France calls for lifting of sanctions on Qatar citizens

French Foreign Minister says his country is "very concerned by the sudden deterioration" of the situation in the Gulf.

    France has called for a swift lifting of sanctions that target Qatari nationals in an effort to ease a month-long rift between the Gulf country and a Saudi Arabia-led group.

    In his visit to the Qatari capital Doha on Saturday, French Foreign Minister Jean-Yves Le Drian said his country is "very concerned by the sudden deterioration" of the situation in the region.

    "France calls for the lifting, as soon as possible, of the measures that affect the populations, in particular, bi-national families that have been separated or students," Le Drian told reporters in Doha, after he met his counterpart Sheikh Mohammed bin Abdulrahman Al Thani.

    READ MORE: The turning point of the GCC crisis

    Le Drian also met Qatar's Emir Sheikh Tamim bin Hamad Al Thani, following the steps of Secretary of State Rex Tillerson, who was in the Gulf this week to help to find a solution the regional impasse.

    He is scheduled to visit Saudi Arabia later on Saturday and will visit Kuwait and the United Arab Emirates on Sunday.

    "France should be a facilitator in the mediation" led by Kuwait, Le Drian told reporters.

    Kuwait is trying to mediate the dispute.

    "France is talking to all these countries to help in the search for a solution," he said, calling for "dialogue and calm" between the Arab states concerned.

    Le Drian also said France counted on "reinforcing cooperation with Qatar in the fight against terrorism, particularly in combating terrorism financing".

    'Political, intellectual terrorism'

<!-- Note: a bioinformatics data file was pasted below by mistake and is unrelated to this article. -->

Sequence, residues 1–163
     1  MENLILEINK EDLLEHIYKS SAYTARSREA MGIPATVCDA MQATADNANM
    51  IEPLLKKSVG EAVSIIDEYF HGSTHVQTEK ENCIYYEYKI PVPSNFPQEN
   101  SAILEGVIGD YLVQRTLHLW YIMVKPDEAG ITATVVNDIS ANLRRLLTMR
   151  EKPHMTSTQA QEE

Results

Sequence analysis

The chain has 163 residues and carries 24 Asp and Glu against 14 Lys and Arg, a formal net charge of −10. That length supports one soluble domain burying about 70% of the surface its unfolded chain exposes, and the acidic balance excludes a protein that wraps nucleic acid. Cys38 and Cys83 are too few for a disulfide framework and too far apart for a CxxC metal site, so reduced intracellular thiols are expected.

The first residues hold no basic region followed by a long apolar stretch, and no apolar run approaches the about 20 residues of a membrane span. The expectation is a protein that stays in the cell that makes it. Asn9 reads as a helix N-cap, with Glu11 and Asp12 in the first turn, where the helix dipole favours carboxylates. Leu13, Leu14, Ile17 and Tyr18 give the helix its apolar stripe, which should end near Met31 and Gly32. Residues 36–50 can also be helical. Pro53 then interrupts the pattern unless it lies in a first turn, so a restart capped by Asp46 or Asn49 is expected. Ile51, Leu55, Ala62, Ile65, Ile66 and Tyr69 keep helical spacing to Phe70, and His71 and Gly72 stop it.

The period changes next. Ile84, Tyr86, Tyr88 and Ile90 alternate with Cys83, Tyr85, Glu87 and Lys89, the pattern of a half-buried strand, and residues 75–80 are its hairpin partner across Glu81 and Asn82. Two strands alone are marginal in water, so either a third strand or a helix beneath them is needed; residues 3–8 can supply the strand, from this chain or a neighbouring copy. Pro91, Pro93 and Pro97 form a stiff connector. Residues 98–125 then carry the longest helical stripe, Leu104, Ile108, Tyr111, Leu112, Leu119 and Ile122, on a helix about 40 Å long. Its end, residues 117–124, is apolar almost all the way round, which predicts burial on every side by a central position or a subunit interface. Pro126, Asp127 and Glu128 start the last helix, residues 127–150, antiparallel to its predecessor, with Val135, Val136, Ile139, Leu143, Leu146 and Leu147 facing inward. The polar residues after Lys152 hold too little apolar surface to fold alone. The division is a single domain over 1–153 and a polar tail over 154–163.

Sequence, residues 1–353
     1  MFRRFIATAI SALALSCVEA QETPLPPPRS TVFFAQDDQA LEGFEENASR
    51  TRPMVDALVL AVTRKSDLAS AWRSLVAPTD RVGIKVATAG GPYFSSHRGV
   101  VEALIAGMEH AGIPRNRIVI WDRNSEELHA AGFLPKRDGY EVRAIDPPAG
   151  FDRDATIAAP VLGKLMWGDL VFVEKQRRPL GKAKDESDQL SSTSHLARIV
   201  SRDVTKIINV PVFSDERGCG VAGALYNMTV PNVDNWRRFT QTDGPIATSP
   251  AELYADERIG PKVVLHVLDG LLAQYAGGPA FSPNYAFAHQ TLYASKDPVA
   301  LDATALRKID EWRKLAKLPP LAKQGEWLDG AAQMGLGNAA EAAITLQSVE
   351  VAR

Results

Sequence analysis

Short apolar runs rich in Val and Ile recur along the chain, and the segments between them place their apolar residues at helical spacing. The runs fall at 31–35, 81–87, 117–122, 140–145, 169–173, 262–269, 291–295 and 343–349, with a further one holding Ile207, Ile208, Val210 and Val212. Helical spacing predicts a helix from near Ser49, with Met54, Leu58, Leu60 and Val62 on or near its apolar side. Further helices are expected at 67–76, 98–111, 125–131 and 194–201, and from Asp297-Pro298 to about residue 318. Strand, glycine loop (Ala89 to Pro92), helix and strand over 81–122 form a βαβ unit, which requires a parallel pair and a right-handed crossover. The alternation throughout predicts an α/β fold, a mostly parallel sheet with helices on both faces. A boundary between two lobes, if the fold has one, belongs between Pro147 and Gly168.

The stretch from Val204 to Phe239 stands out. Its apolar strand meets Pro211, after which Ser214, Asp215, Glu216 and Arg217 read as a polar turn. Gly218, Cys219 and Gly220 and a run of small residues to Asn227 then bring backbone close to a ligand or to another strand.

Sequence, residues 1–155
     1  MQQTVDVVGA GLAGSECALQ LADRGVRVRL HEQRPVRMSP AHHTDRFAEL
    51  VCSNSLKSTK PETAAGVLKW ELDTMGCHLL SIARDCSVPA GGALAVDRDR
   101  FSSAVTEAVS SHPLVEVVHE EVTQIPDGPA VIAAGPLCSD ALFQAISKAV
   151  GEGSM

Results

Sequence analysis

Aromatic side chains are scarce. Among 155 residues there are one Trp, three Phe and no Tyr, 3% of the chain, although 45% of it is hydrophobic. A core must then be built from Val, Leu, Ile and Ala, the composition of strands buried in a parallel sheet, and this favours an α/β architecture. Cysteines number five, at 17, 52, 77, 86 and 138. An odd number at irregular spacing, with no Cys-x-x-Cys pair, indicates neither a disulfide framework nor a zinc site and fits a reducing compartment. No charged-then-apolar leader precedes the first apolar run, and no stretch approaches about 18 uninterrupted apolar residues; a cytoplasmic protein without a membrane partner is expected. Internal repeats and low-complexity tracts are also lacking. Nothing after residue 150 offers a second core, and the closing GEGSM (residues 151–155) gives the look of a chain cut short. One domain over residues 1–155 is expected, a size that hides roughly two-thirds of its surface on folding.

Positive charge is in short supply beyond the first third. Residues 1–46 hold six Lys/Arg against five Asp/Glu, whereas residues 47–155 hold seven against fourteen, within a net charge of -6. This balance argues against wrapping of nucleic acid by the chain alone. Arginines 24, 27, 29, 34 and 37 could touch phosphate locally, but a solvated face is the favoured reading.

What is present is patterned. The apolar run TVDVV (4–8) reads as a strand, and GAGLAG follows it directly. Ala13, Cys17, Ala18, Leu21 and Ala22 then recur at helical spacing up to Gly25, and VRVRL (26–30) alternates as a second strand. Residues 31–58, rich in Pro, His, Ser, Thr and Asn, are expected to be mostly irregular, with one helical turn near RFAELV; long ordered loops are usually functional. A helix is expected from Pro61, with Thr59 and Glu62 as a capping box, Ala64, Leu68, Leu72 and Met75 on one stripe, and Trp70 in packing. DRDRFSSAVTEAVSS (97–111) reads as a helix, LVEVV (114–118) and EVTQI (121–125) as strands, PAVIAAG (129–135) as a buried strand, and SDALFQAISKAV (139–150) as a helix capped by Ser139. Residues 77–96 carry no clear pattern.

For his part, Mohammed bin Abdulrahman said that the actions taken by Saudi Arabia and its allies against Qatar are disrupting the regional effort to combat "terrorism".

    "Combating terrorism also cannot be through practising political and intellectual terrorism against a state," Mohammed bin Abdulrahman said.

    Aside from France, officials from Britain and Germany also visited the region in recent weeks. 

    In an interview with Al Jazeera, Samer Shehata of the Doha Institute for Graduate Studies, however, said that while France's voice lends more support for Qatar, it does "not have a tremendous amount" of influence in the crisis. 

    "The United States has the most pressure it can potentially exert on the parties involved, particularly the Saudis and the Emiratis," he said.

    Saudi Arabia, the UAE, Bahrain and Egypt imposed sanctions on Qatar on June 5, accusing it of financing armed groups and allying with Saudi Arabia's regional ally, Iran -- allegations that Doha denied.

    On June 22, the Saudi-led group issued a 13-point list of demands, including the shutdown of Al Jazeera, limiting ties with Iran and expelling Turkish troops stationed in the country, as a prerequisite to lift the sanctions.

    Doha rejected the demands and the countries now consider the list "null and void".

    On July 11, US and Qatar signed an agreement to help combat "terrorism financing". But the Saudi-led group called it "insufficient".

    SOURCE: Al Jazeera and news agencies


    YOU MIGHT ALSO LIKE

    Survivor stories from Super Typhoon Haiyan

    Survivor stories from Super Typhoon Haiyan

    The Philippines’ Typhoon Haiyan was the strongest storm ever to make landfall. Five years on, we revisit this story.

    How Moscow lost Riyadh in 1938

    How Moscow lost Riyadh in 1938

    Russian-Saudi relations could be very different today, if Stalin hadn't killed the Soviet ambassador to Saudi Arabia.

    We Are Still Here: A Story from Native Alaska

    We Are Still Here: A Story from Native Alaska

    From Qatar to Alaska, a personal journey exploring what it means to belong when your culture is endangered.